The South African raisin industry has reported on continued growth at the end of the 2021 season, despite climatic challenges.
Regardless of limitations faced by the industry, export volumes of South African raisins to the UK are up once again over 2020, which in itself saw a huge increase compared with 2019.
The UK imported 1.43m kg to the UK in 2019 versus 5.5m kg in 2020. Last year saw an 18 per cent increase over 2020 with 6.6m kg exported to the UK.
The Orange River region, where 88 per cent of the country’s raisins are produced, experienced between 80mm and 170mm of rain at the beginning of last year.
These conditions were exceptional for the Northern Cape, which usually experiences average temperatures of between 33-38oC during harvest.
Strategies were put in place at farm level to mitigate the impact of the rains on the crop, such as canopy management and constant monitoring of the situation.
“From a grower perspective, climatic conditions for the past season did not provide for optimal growing conditions,' said Ferdie Botha, CEO of Raisins South Africa. 'Conditions were constrained in the Orange River valley initially by frost and cold weather conditions, which perhaps negatively impacted more than initially anticipated.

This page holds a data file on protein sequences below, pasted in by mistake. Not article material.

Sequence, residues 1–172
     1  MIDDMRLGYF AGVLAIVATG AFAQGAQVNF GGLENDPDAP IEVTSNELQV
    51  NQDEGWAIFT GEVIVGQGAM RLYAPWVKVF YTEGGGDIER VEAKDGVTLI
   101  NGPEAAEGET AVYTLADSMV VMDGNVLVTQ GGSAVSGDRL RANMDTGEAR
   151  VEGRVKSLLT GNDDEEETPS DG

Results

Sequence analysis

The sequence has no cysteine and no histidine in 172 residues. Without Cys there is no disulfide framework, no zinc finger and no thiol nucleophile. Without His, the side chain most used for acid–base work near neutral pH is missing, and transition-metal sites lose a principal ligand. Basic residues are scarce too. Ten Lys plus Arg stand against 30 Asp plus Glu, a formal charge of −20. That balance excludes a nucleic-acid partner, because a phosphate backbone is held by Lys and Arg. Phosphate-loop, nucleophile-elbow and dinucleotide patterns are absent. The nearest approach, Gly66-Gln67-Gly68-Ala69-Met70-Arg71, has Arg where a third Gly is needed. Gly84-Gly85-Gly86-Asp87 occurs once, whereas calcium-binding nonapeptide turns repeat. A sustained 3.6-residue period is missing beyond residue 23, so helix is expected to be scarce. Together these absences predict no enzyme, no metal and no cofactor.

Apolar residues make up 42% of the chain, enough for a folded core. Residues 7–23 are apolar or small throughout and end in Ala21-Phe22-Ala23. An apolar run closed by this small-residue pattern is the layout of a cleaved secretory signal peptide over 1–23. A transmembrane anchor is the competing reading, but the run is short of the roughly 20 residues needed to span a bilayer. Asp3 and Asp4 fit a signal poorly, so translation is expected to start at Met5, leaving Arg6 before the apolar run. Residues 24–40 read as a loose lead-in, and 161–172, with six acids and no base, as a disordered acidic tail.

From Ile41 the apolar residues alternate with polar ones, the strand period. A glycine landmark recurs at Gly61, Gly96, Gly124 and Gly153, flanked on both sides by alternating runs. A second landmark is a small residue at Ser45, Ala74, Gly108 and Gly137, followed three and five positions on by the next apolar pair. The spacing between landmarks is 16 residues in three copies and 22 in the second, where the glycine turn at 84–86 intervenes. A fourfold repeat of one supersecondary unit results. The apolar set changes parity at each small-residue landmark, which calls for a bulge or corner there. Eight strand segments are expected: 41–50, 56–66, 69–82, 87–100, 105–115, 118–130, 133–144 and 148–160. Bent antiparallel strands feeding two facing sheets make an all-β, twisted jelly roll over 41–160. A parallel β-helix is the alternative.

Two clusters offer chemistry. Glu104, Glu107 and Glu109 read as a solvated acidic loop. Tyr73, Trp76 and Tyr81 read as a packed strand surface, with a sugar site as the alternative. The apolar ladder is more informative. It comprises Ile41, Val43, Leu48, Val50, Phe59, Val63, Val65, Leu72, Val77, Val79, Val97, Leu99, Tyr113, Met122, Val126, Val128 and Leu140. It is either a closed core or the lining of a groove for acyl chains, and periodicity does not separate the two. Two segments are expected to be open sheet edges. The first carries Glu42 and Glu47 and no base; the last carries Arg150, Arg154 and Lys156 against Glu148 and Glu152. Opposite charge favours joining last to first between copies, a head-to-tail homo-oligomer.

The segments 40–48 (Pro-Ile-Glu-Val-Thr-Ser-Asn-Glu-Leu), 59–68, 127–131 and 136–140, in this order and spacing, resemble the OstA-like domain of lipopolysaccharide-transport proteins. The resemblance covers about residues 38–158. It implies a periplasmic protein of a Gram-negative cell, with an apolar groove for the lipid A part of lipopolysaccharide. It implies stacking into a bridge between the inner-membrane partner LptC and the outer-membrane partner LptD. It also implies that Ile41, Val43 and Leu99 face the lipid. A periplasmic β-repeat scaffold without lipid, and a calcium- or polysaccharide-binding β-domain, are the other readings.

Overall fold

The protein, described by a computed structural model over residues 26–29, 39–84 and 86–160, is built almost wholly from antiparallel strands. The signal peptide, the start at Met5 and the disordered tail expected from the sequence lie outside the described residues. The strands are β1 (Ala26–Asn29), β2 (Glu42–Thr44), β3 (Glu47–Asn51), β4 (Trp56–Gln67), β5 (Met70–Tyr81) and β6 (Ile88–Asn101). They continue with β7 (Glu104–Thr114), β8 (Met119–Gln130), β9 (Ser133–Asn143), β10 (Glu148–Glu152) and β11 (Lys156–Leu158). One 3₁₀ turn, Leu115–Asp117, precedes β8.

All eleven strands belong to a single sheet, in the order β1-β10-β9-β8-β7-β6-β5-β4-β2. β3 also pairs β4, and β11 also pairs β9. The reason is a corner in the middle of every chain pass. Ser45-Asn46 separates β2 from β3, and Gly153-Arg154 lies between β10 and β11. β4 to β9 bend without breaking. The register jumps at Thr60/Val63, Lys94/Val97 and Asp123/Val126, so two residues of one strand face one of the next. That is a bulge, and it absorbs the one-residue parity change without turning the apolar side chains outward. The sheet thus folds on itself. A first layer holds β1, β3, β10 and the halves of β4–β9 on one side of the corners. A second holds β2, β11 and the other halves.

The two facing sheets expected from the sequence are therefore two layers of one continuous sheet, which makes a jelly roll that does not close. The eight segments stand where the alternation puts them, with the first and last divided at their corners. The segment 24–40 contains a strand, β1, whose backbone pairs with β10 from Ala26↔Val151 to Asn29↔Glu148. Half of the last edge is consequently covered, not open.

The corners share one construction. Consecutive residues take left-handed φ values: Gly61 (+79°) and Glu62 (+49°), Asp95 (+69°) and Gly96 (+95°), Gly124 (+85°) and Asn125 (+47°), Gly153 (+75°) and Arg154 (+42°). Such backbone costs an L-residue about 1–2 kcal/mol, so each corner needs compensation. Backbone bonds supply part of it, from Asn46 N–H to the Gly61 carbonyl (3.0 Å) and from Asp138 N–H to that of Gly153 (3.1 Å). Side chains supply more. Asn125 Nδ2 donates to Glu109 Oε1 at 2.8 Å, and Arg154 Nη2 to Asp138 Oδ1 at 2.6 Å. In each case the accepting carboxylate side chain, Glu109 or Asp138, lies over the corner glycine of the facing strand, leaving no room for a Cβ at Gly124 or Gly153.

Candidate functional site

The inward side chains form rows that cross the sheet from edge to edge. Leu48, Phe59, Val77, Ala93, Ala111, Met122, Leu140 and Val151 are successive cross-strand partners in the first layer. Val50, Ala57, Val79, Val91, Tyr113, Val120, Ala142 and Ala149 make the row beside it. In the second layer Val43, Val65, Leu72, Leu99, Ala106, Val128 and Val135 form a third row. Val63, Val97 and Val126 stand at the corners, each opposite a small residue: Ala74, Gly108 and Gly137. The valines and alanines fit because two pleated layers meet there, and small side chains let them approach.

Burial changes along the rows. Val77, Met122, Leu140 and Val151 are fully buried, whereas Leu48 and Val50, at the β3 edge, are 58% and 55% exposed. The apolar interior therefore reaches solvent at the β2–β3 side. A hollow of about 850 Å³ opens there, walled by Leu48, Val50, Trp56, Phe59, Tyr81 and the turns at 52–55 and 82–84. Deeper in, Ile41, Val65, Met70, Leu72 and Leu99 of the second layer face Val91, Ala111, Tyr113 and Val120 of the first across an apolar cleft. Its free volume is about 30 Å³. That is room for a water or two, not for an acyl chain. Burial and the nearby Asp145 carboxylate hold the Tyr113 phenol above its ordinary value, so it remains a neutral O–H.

'Furthermore, the Orange River came into flood and restricted access to some growers, along with above average rainfall, and required changes in production practices to minimise the impact,' he added.
The Olifants River valley in the Western Cape, however, experienced excellent growing conditions, particularly for currants.
Another product that was also less impacted by the rains, was the SA Sultana, formerly known as the WP raisin.
Raisins South Africa relaunched the variety this year after the gradual increase in production volumes and as part of the diversification of its product range.
The industry body has now focused its attention on 2022 and is optimistic about the season ahead.
The UK promotional campaign will once again concentrate predominantly on evolving connections with B2B and trade contacts, as well as communicating the benefits of South African raisins to consumers.